The Edgar Wallace Mysteries: Change Partners

The Edgar Wallace MysteriesThis seems to be one of the most popular Edgar Wallace Mysteries B movies, and it’s not difficult to see why. The acting is superb, and the plot is gripping from beginning to end. It’s not my cup of tea in particular, but I prefer films where there is at least one character we can like as a person, even if it’s just a loveable rogue on the wrong side of the law, but here we have a whole bunch of nasty wrongdoers, so instead we have to derive our pleasure from being swept along on the wave of one bad thing leading to another.

That’s very much the theme here. An affair leads to murder. Murder leads to blackmail. Blackmail leads to another murder, which in turn leads to more blackmail, and it’s a never-ending downward spiral until the closing minutes, when a murderer tries to come clean about his crimes and end his life, while a blackmailer finally follows her conscience and reports the murders to the police.

The other major theme is that of strong-willed woman pushing the men in their lives to do bad things, and then suffering the consequences. At times this can seem like a troublingly woman-hating series of films, and this is one of the most stark examples, although at least it offered a couple of significant roles for talented female actresses to sink their teeth into, which is far from always being the case.

Anna (Zena Walker) is having an affair with Ricky (Basil Henson) and persuades him to be complicit in the murder of their spouses so they can be together and gain financial control of the company the two men run as partners. Anna does the deed herself, and is untroubled by conscience. Eventually she does persuade Ricky to commit murder all by himself, and the only time in the film she looks as if she is really afraid of what she has done is when he phones her after murdering two people, and says “I almost enjoyed it.” Evil deeds change a person, fundamentally, and we see that change in Ricky over the course of the film.

The other strong woman pushing the man in her life to do bad things is Jean (Pamela Ann Davy), who tries to get her boyfriend Joe (Kenneth Cope) to steal for her. She’s very much the cheerleader for his criminal activities, but she gets more than she bargained for when his blackmail attempts seal his fate, as they nearly always do in crime dramas. In the previous film in the series a blackmailer lived to tell the tale, albeit behind bars, but that’s hugely atypical. Normally blackmail is the shortest ever career choice. Bizarrely, having seen her boyfriend killed as the result of blackmail, she follows his lead, although she is half-hearted and really wants revenge instead. She just doesn’t quite know how to go about achieving that.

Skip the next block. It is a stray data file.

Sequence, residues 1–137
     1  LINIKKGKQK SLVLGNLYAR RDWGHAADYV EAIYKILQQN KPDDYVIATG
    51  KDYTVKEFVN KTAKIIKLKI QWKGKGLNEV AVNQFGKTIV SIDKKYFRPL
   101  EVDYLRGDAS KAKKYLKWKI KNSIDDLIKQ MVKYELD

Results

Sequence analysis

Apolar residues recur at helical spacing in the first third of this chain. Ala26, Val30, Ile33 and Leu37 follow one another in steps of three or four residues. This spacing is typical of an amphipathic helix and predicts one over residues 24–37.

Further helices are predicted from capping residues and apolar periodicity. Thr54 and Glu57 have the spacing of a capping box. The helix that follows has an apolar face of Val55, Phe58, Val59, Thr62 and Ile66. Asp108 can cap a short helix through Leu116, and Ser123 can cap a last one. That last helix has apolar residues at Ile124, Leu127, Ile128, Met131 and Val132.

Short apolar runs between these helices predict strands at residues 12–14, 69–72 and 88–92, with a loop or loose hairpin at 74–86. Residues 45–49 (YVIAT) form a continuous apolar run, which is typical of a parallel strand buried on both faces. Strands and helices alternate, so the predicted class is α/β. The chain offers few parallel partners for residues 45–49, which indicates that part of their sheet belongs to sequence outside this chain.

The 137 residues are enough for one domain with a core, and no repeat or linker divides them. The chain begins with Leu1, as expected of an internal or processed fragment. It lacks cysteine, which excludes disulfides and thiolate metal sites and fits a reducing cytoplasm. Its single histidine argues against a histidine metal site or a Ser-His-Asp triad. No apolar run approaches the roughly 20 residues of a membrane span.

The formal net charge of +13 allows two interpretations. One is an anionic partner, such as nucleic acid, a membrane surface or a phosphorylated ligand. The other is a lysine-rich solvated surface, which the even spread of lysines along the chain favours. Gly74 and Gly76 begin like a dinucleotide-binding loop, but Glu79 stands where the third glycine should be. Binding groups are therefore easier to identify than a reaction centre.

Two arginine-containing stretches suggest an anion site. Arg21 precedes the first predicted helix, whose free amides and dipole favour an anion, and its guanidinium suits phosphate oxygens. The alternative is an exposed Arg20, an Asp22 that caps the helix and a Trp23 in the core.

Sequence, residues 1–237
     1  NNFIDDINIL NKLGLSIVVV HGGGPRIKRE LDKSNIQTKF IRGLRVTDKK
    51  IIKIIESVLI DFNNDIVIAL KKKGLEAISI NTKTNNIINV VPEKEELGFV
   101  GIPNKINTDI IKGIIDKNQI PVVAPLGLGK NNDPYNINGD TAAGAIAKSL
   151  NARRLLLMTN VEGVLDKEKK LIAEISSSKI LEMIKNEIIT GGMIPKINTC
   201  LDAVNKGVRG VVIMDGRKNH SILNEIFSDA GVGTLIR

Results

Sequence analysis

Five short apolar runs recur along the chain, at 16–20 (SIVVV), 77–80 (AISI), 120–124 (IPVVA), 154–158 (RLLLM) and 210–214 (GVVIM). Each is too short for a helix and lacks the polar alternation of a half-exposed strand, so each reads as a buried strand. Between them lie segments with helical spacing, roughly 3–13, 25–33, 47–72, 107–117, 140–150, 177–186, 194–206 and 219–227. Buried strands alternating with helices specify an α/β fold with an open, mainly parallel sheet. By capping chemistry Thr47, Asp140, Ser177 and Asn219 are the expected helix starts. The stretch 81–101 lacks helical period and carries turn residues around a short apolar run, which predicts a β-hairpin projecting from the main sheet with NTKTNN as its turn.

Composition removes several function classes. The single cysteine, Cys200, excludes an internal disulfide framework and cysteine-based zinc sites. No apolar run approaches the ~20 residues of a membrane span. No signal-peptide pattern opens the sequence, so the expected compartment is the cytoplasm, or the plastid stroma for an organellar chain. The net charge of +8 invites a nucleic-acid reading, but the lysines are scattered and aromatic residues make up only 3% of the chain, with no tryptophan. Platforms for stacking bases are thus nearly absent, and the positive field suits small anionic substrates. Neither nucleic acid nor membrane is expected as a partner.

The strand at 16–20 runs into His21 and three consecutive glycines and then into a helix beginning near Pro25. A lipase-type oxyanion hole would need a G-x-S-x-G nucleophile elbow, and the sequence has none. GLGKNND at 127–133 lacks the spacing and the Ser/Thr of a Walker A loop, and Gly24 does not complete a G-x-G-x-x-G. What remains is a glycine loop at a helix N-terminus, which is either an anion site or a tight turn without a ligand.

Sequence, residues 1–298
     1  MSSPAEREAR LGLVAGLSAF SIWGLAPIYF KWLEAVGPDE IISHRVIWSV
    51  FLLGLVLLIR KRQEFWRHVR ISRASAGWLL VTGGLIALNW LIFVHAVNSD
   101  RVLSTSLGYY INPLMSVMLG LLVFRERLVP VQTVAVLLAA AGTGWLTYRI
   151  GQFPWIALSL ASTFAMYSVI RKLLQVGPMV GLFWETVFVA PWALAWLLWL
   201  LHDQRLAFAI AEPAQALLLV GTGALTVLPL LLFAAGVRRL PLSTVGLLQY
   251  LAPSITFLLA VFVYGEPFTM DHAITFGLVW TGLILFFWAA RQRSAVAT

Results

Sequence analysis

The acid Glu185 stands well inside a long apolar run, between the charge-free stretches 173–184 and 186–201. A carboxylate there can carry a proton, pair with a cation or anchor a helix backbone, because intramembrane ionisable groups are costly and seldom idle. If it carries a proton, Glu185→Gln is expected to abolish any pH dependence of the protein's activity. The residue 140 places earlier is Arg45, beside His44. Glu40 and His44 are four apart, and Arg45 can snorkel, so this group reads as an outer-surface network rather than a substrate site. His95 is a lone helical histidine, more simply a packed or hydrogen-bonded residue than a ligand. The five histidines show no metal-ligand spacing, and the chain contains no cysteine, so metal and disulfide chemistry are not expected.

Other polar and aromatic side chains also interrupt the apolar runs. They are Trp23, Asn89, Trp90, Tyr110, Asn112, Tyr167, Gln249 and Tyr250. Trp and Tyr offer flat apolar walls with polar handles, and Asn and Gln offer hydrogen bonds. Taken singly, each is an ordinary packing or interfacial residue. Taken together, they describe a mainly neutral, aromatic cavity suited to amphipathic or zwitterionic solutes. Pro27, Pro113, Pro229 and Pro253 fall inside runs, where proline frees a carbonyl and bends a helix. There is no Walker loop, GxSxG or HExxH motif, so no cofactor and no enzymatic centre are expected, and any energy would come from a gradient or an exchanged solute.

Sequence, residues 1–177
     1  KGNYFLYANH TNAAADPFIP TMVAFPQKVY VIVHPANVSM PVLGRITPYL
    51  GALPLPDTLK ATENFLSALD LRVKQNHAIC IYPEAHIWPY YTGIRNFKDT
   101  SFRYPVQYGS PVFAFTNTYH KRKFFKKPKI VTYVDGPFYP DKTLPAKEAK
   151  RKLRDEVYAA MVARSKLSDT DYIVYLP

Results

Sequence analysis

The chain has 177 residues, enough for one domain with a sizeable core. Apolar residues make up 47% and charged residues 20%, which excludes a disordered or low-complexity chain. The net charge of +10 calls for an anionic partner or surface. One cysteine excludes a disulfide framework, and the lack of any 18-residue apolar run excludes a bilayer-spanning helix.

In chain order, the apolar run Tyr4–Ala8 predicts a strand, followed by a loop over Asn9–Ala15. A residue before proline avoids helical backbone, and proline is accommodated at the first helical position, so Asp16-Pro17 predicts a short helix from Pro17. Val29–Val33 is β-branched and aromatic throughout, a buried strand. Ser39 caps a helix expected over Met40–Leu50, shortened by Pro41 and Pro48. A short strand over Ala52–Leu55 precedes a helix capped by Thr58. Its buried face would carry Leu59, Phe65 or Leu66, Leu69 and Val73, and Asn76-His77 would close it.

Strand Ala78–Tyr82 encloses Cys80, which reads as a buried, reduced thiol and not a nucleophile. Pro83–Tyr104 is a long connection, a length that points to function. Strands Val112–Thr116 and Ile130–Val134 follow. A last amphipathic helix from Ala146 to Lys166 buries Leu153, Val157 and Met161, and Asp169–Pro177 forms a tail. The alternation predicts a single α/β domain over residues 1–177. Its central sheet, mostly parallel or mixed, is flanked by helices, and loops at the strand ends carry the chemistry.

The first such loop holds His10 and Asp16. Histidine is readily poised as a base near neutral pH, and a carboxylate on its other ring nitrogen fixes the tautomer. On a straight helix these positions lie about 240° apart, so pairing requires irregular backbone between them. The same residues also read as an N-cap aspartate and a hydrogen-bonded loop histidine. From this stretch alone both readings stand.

Another interesting comparison can be made between Anna and Joe, two criminal minds from very different walks of life. She is much more of a schemer, while he is an opportunist, and his lack of self-control proves to be his undoing much quicker than Anna’s almost inhumanly cold and calculating approach to getting what she wants.

In the end, this is a grim tale. It’s not one that’s going to give you a warm and fuzzy feeling if you watch it. Justice is done in the end, and that’s important, but there’s not much joy in seeing murderers get their comeuppance, in a drama that lacks a significant detective character and therefore does not provide us with that thrill of the chase or battle of wits between a legal mind and a criminal one. There is nobody to root for here, and the hollow satisfaction of seeing the morally corrupt reap what they sow does not make for happy viewing. In terms of the side of human nature this shows us, it leans a little too much towards film noir for my tastes. If you are a fan of that approach, you will find this a competent effort with some excellent performances.   RP

Read next in the Junkyard… The Edgar Wallace Mysteries: Strangler’s Web

About Roger Pocock

Co-writer on Author of Editor of
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